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Prevalence and Consequences of Child Victimization

NCJ Number
184378
Date Published
April 1997
Length
4 pages
Author(s)
Dean Kilpatrick Ph.D., Benjamin Saunders Ph.D.
Agencies
NIJ
Publication Series
Annotation
Using telephone interviews with a random sample of 4,023 adolescents and preliminary 10-minute interviews with their parents or guardians, this study examined the prevalence and consequences of childhood victimization.
Abstract
Adolescents were asked about their personal experiences of sexual assault and physical assault, violence they may have witnessed, their drug and alcohol use, their experience of posttraumatic stress disorder, and serious delinquency offenses they may have committed. The sample was evenly divided between male and female participants and had demographic characteristics similar to those of the general population of this age. Extrapolating the findings of this study to the national adolescent population as a whole suggests that of the 22.3 million adolescents ages 12-17 in the United States today, approximately 1.8 million have been victims of a serious sexual assault, 3.9 million have been victims of a serious physical assault, and almost 9 million have witnessed serious violence. Nearly 2 million have suffered (and over 1 million still suffer) from posttraumatic stress disorder (PTSD), and approximately 3.4 million have been drug or alcohol abusers as well. Analysis of the survey information shows a strong correlation between drug abuse and delinquency. Having been personally victimized and suffering from PTSD also are apparently strong predictors of delinquent behavior.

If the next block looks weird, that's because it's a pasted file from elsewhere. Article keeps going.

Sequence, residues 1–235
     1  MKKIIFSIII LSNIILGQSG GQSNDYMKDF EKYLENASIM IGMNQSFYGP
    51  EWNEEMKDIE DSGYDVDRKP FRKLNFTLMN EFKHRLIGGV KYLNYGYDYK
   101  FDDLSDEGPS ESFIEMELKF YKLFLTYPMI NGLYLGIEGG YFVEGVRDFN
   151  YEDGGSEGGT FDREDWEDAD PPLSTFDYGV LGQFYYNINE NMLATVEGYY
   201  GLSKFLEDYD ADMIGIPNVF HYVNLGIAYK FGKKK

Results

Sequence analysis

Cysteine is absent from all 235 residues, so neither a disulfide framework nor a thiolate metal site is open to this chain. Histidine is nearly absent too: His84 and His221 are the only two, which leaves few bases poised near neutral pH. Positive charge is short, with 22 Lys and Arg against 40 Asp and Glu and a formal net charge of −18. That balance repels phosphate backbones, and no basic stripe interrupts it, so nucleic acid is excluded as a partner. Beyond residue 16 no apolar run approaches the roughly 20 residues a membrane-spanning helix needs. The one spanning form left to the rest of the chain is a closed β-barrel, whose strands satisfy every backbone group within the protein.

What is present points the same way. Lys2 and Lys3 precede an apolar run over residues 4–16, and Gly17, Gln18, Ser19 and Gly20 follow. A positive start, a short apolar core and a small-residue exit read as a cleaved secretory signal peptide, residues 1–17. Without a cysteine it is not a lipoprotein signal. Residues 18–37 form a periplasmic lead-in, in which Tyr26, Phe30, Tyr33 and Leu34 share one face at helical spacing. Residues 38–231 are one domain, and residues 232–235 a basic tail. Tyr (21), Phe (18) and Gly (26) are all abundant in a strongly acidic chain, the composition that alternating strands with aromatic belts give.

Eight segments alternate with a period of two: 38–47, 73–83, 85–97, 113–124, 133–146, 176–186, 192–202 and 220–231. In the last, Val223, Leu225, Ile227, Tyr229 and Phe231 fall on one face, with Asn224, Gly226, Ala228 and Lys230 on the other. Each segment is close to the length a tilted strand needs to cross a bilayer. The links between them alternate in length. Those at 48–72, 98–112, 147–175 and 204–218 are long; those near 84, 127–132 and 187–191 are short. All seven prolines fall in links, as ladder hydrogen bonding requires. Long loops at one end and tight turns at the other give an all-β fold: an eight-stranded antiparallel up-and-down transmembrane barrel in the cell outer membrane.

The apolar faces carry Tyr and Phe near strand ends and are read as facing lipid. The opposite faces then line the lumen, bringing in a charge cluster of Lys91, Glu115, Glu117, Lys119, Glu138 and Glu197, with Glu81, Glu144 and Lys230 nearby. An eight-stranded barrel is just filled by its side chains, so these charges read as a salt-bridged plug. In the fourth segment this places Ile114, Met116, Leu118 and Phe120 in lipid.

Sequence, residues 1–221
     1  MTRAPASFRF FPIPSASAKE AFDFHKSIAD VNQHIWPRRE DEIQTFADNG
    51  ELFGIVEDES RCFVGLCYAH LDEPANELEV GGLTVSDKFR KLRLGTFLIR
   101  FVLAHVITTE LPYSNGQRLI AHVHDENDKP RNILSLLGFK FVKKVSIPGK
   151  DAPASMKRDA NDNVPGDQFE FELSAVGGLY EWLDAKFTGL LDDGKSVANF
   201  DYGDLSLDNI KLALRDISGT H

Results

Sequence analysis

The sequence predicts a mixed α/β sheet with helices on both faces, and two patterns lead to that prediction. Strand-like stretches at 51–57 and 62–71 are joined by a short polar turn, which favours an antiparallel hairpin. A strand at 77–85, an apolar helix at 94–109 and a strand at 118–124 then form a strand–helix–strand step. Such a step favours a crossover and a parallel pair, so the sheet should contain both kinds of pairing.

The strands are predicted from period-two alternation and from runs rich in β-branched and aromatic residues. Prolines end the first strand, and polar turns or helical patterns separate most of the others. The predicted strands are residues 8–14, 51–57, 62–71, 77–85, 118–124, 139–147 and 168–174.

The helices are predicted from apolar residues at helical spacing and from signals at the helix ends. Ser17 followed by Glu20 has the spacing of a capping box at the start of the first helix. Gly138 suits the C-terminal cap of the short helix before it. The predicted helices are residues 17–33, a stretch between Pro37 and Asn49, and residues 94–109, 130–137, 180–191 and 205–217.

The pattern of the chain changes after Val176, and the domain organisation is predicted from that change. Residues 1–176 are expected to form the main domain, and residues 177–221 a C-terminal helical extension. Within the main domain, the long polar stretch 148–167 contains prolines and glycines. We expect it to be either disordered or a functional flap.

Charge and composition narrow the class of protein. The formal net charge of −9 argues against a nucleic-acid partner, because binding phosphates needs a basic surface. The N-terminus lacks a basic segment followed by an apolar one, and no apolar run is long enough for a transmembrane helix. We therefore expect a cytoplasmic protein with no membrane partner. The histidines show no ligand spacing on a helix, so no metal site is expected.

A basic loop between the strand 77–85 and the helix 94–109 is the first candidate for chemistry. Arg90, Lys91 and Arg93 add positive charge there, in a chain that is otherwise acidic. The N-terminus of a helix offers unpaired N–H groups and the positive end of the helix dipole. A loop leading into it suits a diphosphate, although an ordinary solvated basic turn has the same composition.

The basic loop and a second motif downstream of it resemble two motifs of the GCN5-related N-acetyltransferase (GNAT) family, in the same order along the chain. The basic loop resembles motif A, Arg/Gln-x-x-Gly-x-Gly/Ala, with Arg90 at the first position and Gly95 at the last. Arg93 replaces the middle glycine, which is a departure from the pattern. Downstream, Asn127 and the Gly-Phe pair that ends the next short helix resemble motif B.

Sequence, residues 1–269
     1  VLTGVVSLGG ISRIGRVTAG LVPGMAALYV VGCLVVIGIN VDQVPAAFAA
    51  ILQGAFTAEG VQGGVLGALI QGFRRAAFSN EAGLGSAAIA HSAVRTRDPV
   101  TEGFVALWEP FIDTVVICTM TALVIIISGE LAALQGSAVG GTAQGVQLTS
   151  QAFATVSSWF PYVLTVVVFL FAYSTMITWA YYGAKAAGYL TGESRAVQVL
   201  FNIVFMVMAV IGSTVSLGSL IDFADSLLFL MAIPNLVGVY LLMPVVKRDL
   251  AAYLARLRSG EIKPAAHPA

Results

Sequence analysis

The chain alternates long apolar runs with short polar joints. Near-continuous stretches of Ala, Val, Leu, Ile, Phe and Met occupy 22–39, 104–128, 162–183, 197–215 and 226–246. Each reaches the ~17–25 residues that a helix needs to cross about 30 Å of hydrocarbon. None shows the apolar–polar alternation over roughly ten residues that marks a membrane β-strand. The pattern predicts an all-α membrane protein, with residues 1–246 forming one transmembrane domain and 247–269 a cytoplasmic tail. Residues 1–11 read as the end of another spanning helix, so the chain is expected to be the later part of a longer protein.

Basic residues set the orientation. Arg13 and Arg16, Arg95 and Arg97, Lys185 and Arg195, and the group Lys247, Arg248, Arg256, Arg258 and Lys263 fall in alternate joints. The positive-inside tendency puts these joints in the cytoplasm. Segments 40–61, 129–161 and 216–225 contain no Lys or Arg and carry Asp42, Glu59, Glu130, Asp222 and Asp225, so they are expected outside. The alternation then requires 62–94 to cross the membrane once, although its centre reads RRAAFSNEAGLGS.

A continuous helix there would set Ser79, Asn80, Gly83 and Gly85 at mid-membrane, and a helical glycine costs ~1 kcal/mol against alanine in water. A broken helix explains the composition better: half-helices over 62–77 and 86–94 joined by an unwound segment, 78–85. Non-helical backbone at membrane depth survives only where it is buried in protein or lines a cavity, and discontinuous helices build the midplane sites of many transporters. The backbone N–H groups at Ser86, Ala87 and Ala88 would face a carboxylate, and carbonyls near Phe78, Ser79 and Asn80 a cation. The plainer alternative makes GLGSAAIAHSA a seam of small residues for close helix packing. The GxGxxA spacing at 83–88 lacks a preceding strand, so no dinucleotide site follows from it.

Date Created: July 10, 2000